Not So Hard Time: How Some Inmates Find Success Post-release

Not So Hard Time: How Some Inmates Find Success Post-release


The U.S. may have the worst recidivism rate in the world at 76.6 percent, but that doesn’t mean the system has failed every prisoner. There are a handful of inspiring stories about some that went to jail and used their time to turn their lives around, got out, and made lasting differences in their communities. Here are three of those stories.

Dave Dahl

After serving 15 years in the prison system, Dave Dahl was released in 2005 and accepted employment with his brother, Glenn, in the family’s bakery. He then proceeded to develop an entirely new recipe for non-GMO, organic bread. Upon this new bread’s debut at a farmers market in Portland, it became an instant success, and Dave’s Killer Bread was born.

And he didn’t stop there. Today, Dave’s Killer Bread is sold across North America and is the No. 1 ranked organic bread in the American market. Further, one-third of the company’s 300 employees are former criminals that are filling positions at every level, even management.

“These individuals demonstrate the commitment, the passion, and the power to learn and grow, becoming some of the company’s most valued and trusted workers,” Dave’s Killer Bread company states.

Mike Christenson

Drinking and driving don’t mix. This is a lesson Mike Christenson learned the hard way after his drunk driving took the life of a friend. He was sentenced to jail for vehicular manslaughter.

“Prison had nothing to offer as far as self-improvement goes. Kitchen jobs that paid twelve cents an hour were all that was offered. I realized early on in my 10-year term that if I wanted to better myself, I’d have to do it on my own,” Christenson said in a media interview.

Determined not to let his stint in prison ruin his chances of a good life on the outside, he enrolled in a distance learning program and started working on an Associate of Arts degree. During the last three years of his sentence, he also enrolled in The Last Mile program, which offers inmates business and technology training to improve their chances of a successful re-entry into society.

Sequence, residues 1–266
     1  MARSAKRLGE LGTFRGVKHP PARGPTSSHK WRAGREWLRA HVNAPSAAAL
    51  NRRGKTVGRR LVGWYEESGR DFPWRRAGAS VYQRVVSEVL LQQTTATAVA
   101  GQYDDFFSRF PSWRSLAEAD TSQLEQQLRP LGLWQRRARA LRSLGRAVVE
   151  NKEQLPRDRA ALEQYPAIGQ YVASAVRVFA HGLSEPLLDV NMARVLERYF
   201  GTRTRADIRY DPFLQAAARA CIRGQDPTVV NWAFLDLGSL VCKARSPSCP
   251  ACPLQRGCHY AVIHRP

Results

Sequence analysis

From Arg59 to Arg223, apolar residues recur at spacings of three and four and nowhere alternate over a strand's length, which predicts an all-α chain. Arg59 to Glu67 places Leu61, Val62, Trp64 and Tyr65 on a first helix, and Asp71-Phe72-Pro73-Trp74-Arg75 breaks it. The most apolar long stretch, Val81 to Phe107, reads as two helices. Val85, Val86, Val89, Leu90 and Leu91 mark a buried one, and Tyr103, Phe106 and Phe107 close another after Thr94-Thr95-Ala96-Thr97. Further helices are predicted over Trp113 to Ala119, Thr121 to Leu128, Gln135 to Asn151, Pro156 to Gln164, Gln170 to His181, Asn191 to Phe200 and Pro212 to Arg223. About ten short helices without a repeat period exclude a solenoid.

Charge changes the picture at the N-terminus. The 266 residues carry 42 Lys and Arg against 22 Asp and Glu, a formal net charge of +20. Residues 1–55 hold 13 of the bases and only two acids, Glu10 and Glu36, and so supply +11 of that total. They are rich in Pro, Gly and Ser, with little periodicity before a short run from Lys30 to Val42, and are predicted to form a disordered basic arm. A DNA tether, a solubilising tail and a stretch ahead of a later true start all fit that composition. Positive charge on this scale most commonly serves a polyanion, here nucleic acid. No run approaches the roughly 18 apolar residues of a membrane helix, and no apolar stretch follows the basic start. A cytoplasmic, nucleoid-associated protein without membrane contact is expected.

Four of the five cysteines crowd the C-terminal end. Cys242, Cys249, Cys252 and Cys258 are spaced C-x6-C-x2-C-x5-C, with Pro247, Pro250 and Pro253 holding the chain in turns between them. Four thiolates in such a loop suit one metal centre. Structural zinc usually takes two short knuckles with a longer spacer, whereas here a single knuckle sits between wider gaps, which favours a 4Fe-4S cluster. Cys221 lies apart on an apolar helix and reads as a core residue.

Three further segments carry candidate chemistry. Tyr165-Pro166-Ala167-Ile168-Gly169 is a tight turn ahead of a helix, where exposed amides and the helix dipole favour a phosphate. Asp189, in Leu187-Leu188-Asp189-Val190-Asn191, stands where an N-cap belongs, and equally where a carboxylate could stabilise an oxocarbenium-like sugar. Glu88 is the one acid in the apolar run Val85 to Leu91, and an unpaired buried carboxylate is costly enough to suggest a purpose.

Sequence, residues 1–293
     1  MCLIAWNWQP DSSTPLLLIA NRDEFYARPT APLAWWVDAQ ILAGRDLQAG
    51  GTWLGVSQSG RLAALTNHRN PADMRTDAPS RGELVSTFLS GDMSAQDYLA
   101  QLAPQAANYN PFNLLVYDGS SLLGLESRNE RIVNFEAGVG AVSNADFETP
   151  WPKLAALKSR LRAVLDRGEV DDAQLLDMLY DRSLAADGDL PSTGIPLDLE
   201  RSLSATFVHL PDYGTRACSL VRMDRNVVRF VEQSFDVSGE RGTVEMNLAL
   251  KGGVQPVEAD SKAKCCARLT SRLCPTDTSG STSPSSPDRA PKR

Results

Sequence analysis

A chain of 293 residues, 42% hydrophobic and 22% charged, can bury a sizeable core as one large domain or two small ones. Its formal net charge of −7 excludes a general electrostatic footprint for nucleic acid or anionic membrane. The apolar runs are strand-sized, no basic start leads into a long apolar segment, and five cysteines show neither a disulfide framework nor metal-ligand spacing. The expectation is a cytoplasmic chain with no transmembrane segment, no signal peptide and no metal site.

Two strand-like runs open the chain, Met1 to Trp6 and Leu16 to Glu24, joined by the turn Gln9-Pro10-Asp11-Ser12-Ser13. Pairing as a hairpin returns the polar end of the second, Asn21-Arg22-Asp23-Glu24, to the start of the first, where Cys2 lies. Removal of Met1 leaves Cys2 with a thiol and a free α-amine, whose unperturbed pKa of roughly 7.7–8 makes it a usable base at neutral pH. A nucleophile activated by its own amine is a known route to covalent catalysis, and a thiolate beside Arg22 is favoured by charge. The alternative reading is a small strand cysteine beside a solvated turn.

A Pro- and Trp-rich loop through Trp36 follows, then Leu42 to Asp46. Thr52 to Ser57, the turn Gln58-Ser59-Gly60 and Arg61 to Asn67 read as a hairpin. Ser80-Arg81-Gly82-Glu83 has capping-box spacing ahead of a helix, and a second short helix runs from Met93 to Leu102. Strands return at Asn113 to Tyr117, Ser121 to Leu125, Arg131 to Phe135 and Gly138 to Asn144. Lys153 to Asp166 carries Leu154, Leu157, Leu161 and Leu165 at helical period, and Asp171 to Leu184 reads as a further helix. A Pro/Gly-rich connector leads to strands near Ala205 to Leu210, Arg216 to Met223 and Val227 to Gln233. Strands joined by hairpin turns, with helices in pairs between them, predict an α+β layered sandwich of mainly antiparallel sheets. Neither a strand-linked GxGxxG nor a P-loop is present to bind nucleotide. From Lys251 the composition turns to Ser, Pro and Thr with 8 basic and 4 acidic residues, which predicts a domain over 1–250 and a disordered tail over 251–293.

Mike worked hard at his training and after his release, was awarded a scholarship to a top coding school in New York.

“I have no doubt that I will be successful, and never return to prison,” Christenson says.

Gene Manigo

Gene’s life didn’t have a happy start. His father was abusive to his mother before abandoning the family in a rough neighborhood. Then Gene’s mother got a new boyfriend – who tried to kill him. Manigo took the man’s life in self-defense and went on the run.

It took the law 10 years to catch up to him, but when they did, Manigo was slammed with a 30-year sentence.

Upon his release in 2014, he received help from Refoundry, a nonprofit business incubator in Brooklyn that offers paid training, mentorship, studio space, and tools so that people can learn to make furniture and start their own businesses. Refoundry has a special interest in teaching former inmates to create and sell furniture, as its social justice-minded founders believe that encouraging entrepreneurship is a good way to reduce recidivism across America.

Today, Manigo is the proud owner of his own custom furniture company.

“Refoundry and entrepreneurship helped me get out of the system, find myself, and prove to myself that I can become part of society,” he says with pride.

This is just a handful of stories about people who went to jail and came out determined not to return, and who now contribute to society in numerous ways. The American justice and prison system is far from perfect, and the rates of incarceration, widespread lack of education among prisoners, and the propensity to re-offend are ongoing issues, but there are those that make it through and come out rehabilitated. Those willing to help former inmates succeed provide a valuable thing to both those they are helping and to the society of which they are a part: hope.